This matters in part because hackers are getting smarter. A number of breaches have occurred in recent years through laptops accessing environmental systems. IT and security staff now have a better understanding of how those breaches happened, but for a variety of reasons they don’t always take comprehensive steps to mitigate such possibilities in their own systems.


According to a Verizon data breach report, 59% of healthcare institution data breaches come from internal actors, whether intentional or unintentional. This often happens due to problems with un-segmented networks or missing security controls. In cases where damage is intentional, it can happen because credentials are too easy to steal, among other things.

Of course, if you oversee security or information technology in a healthcare institution, you have no doubt done your research and know all of this. If you are like many organizations, you have put cybersecurity protections in place and you are ready for the next attack. However, also like most healthcare institutions, you may have forgotten about or too-lightly addressed one particular area of cybersecurity: physical deployment and maintenance.

Broz puts in a nutshell just how critical physical security is to cybersecurity: “All of the sophisticated, deep cybersecurity protocols, software and processes you implement could be taken down in an instant if a bad actor gains access to a server closet through a door left ajar by third-party technician.”

Bones of an effective cybersecurity plan

Any institution’s cybersecurity plan includes a myriad of small security mitigations protecting the many parts of the system. However, without a well-thought-out, comprehensive structure to support full security coverage, all of those small solutions still could leave your organization vulnerable. Just as a building needs a framework to hold up the walls (the bones), a cybersecurity plan is the framework that holds up a system’s components.

An effective cybersecurity plan begins with assessment of every component in your system and every potential security breach scenario. Your assessment should include determination of physical ways bad actors could access systems (e.g., through unlocked doors), or where inadvertent actions could compromise the system (e.g., accidentally activating on/off switches). A comprehensive risk assessment should be created before any new components are purchased or programs are put in place.

The bones of your cybersecurity plan should follow emerging standards, including ever-changing best practices for encryption, data tracking, human error mitigation, awareness programs, and incentives for reporting phishing, for example. “Part of establishing digital security in a healthcare institution is knowing what the most current standards are and understanding how to follow them,” Broz advised. He said many institutions lean on third-party experts. However, if your team members are not already, they should get on the mailing lists of cybersecurity industry organizations, such as the Healthcare Information and Management Systems Society, Inc. (HIMSS), so they can receive timely updates and tips. Even with reminders from experts, Broz suggested many companies are forgetting about the physical side of digital security.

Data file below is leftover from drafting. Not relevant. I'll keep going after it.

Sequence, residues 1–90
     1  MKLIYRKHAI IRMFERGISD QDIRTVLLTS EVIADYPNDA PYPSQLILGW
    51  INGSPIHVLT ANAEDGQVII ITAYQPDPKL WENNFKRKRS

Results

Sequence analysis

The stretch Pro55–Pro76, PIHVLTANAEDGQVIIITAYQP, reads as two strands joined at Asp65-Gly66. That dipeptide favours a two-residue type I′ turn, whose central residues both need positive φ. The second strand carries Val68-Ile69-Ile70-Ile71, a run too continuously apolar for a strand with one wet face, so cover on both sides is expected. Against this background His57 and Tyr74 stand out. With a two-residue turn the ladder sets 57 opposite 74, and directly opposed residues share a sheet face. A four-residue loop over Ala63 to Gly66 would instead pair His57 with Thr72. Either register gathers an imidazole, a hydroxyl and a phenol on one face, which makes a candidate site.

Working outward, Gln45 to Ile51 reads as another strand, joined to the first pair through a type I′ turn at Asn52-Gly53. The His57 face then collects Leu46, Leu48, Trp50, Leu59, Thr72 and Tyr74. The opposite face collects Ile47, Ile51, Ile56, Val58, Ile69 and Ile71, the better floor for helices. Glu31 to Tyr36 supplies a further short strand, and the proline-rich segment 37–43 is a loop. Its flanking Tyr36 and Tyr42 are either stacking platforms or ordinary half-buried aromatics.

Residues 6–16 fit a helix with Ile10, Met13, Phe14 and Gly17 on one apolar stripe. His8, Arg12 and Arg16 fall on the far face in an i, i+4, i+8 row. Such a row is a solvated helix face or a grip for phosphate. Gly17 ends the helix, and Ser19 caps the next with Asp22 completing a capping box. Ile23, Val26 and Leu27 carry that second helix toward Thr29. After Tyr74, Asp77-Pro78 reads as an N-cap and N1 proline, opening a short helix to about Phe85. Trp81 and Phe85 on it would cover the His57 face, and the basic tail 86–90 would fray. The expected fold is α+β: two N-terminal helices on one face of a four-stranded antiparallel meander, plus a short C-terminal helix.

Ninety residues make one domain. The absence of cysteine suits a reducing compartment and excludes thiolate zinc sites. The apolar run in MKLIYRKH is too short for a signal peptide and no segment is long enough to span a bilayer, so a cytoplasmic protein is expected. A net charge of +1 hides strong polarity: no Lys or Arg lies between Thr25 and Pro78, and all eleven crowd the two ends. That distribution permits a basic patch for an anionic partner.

We’ve included a checklist of some of the most easily forgotten physical aspects of cybersecurity at the end of this article to help flesh out your cybersecurity plan. 

Overall, an effective cybersecurity plan must:

  • Include integrated digital and physical cybersecurity solutions pathways (“You can’t have one without the other,” Broz said.)
  • Take into account how your healthcare cybersecurity initiatives will affect profitability and other aspects of your institution, including efficiency, staffing and budgets
  • Identify unsupported legacy systems and realistically determine when the potential for ongoing vulnerabilities outweighs the costs of upgrading
  • Account for third-party devices that will be connected to your network by patients, families, employees and contractors — some exposure through third-party devices is intentional and some may be unintentional
  • Incorporate partnerships with trusted third-party service and equipment providers who know the specific business of healthcare cybersecurity
  • Prioritize to ensure that the most important, or most foundational, aspects of cybersecurity are managed first
  • Include an incident response plan, so your team knows exactly what to do when a breach happens
  • Outline built-in protocols for continual testing and updating your healthcare cybersecurity systems without any gaps in care
  • Integrate input, needs and concerns from other teams in the organization and align with high-level organizational goals and processes
  • Include detailed steps for continual training, information sharing across departments, and plan updating

Healthcare venues present unique, and oftentimes critical, potential cybersecurity issues. Most hospitals and other healthcare institutions hire experienced, educated inhouse information technology and security professionals who know how to create and carry out a plan. The key is to make sure your professional staff is given the time and resources for proper planning, implementation and management of cybersecurity — including ensuring comprehensive coverage, with no gaps, by addressing the physical side of digital security.

Physical Cybersecurity Plan Checklist

For more information about or assistance with both the digital and physical sides of your cybersecurity plan, contact Prime Communications Inc., 402-289-4126 or

Empathy: A Secret Weapon for Security Challenges

Prime Communications continually tests, recommends and implements security hardware, software and processes across many different industries and venues. But security is much more than that. Over the years, we’ve learned one security element is more important than all the others combined. You can’t buy it, package it or wire it. We are talking about empathy.